Aspen officials approve feasibility study for Woody Creek reservoir |

Aspen officials approve feasibility study for Woody Creek reservoir

A view of the expansive Vagneur gravel pit operated by Elam Construction. The city of Aspen is considering it as an option for a reservoir to serve as muncipal water storage.
Brent Gardner-Smith/Aspen Journalism

The city of Aspen is eying the gravel pit in Woody Creek to be a potential reservoir to store water in anticipation of future drought conditions in a world of climate change.

Aspen City Council on Tuesday approved a feasibility analysis contract with Deere & Ault Consultants, Inc. for nearly $150,000 to determine whether the gravel pit would work geologically as a reservoir.

The city purchased 63 acres surrounding the gravel pit in 2018 for almost $2.7 million with the idea that it would build one or more reservoirs on that property.

“One of the storage options is that when the gravel pit stops operating the city would use it, but it’s not clear whether that’s feasible,” said Raquel Flinker, the city’s interim utilities portfolio manager.

The Vagneur gravel pit is owned and operated by Elam Construction. The city does not have a formal agreement with Elam Construction, or its parent company, Kilgore Companies, to someday use the Woody Creek gravel pit as a reservoir, but a company official expressed support for the concept in 2017, according to the nonprofit news source Aspen Journalism.

An engineering study conducted for the city by Deere & Ault in the fall of 2017 found that a range of reservoirs could be built on the Woody Creek parcel and the adjacent gravel pit site, according to Aspen Journalism.

In one scenario, up to 8,000 acre-feet of water could be stored in a reservoir located on both the city’s new property and the gravel pit at a cost of $81 million. The city parcel sits on a deep layer of gravel, which would require excavation to store water, according to Aspen Journalism.

Another possibility is that Elam Construction would use the city’s land for excavation and the municipal government would use the deep gravel pit for its reservoir, said Tyler Christoff, the city’s director of utilities.

The city also is looking into storing water underneath government-owned property in what’s called an “in-situ reservoir” in which water fills the void in between sand and sediment.

Flinker and Christoff said the city is embarking on an integrated water resource plan that will explore all options for storage and land.

“We want to have a parallel path going forward,” Christoff said. “We are trying to explore the whole gamut of options.”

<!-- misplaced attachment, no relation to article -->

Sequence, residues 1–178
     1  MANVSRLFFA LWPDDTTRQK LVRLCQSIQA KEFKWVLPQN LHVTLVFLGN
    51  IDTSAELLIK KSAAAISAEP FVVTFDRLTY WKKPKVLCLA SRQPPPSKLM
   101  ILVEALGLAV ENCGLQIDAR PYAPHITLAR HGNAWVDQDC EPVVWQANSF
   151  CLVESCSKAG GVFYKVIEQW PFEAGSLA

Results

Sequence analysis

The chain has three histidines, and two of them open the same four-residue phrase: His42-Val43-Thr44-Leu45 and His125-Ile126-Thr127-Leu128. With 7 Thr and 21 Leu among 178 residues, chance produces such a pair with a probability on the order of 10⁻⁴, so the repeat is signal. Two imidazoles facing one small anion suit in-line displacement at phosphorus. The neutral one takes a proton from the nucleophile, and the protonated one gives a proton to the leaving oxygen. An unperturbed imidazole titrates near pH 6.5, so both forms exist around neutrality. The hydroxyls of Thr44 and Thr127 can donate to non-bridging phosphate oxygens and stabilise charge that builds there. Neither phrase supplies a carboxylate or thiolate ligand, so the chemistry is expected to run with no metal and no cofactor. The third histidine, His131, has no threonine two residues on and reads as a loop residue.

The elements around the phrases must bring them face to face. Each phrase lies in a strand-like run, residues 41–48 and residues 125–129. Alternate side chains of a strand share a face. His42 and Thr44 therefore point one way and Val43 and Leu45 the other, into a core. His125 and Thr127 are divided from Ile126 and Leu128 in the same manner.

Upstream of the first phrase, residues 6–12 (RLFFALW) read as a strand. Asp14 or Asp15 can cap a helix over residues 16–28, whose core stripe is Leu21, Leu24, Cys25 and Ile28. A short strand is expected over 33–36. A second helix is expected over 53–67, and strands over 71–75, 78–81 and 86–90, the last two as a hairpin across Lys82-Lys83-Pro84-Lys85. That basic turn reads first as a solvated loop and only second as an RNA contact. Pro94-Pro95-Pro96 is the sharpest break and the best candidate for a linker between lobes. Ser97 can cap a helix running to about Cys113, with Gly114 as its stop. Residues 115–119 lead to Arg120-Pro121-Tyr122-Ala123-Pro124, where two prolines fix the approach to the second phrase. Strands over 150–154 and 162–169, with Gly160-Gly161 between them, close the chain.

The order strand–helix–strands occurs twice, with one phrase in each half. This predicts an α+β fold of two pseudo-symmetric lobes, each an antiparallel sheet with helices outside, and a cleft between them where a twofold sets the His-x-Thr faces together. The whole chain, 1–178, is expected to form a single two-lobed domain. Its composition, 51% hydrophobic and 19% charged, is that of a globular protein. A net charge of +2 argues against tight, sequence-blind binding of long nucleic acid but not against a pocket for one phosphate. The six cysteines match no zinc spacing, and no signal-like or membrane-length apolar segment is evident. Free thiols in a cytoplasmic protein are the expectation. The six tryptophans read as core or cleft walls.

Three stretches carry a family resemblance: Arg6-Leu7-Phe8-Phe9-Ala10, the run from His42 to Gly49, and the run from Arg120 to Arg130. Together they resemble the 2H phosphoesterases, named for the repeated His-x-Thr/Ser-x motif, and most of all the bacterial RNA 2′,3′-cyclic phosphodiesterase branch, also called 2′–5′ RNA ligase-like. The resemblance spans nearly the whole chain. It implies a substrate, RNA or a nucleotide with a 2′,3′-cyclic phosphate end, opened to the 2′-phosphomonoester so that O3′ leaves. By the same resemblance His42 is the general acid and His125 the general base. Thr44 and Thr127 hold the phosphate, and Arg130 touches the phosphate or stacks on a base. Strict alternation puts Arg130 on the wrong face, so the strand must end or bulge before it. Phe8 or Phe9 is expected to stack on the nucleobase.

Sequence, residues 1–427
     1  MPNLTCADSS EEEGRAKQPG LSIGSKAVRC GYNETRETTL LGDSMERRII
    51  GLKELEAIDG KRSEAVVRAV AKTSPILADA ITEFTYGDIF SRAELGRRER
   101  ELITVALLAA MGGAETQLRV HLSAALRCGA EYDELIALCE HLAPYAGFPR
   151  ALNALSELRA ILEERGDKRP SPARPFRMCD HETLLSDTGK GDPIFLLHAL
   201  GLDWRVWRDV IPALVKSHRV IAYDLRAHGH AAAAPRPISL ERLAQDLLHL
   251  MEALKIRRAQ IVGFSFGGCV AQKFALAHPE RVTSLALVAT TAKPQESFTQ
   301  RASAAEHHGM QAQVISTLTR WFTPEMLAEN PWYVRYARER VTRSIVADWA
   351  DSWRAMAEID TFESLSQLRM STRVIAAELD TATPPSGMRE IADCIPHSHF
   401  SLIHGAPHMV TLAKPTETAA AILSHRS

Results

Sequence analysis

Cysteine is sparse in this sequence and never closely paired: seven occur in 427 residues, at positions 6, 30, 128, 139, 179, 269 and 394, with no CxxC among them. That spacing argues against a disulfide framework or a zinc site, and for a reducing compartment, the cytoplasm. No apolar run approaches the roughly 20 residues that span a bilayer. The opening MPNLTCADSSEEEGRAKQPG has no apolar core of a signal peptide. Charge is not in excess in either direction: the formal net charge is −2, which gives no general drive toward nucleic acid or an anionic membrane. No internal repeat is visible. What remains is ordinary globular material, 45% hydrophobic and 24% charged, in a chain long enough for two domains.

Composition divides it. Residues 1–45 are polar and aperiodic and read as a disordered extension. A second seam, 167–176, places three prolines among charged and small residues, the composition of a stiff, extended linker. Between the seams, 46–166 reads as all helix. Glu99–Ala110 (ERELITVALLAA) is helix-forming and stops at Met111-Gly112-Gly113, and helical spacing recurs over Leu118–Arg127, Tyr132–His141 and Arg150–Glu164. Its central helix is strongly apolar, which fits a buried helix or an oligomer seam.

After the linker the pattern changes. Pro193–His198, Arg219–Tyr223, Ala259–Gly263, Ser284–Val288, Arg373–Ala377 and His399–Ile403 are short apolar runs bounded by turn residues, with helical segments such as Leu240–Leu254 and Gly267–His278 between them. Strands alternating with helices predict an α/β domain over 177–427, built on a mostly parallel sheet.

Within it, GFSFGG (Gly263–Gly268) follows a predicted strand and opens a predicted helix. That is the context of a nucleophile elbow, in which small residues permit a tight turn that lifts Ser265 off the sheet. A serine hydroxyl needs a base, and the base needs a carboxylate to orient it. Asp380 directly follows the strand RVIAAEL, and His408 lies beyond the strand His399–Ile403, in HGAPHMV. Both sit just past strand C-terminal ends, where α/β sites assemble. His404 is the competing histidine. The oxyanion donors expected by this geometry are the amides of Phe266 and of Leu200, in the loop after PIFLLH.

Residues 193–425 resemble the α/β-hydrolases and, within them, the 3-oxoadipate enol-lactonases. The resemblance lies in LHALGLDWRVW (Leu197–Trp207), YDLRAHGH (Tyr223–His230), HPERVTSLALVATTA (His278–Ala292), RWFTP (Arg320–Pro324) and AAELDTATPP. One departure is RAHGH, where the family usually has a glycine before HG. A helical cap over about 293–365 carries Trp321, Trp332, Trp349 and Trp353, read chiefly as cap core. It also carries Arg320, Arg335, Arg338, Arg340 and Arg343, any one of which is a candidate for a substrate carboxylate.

Currently, the city has less than a day of storage during peak summer use at its Leonard Thomas Reservoir, which has a capacity of 9 acre-feet, according to Flinker.

Today, the city’s primary source of stored water is snowpack, which varies significantly from year to year.

Aspen uses direct flow rights from Maroon and Castle creeks, which are diverted to the Leonard Thomas Reservoir located at the city’s water treatment facility, treated, and then delivered to Aspen customers, according to Flinker.

After public outcry and legal wrangling surrounding Aspen’s attempt to keep its rights to build dams on Castle and Maroon creeks, the city in 2017 announced its intention to transfer its conditional water storage rights to Woody Creek and other potential sites around the valley.

The city’s search for alternative water storage locations outside of the Maroon and Castle Creek valleys intensified after it filed two “diligence” applications in Div. 5 Water Court in October 2016 to maintain its storage rights, according to Aspen Journalism.

The applications were met with opposition from four property owners, four environmental groups, Pitkin County and the U.S. Forest Service.

The city’s conditional storage rights, which were filed on in 1965, were predicated on the city someday storing 4,567 acre-feet of water behind a 155-foot-tall dam on upper Maroon Creek and storing 9,062 acre-feet of water behind a 170-foot-tall dam on upper Castle Creek, according to Aspen Journalism.

Whether the city needs that much water storage, or even the 8,000 acre-feet in Woody Creek, is not yet known.

The integrated water resource plan, which will look at Aspen’s storage needs 50 years out, is aimed at answering that question, Flinker said.

There are other potential sites that the city is considering for reservoirs, whether above or below ground, including North Star Nature Preserve, Moore Open Space, Aspen Golf Course, Zoline Open Space and Cozy Point Ranch.


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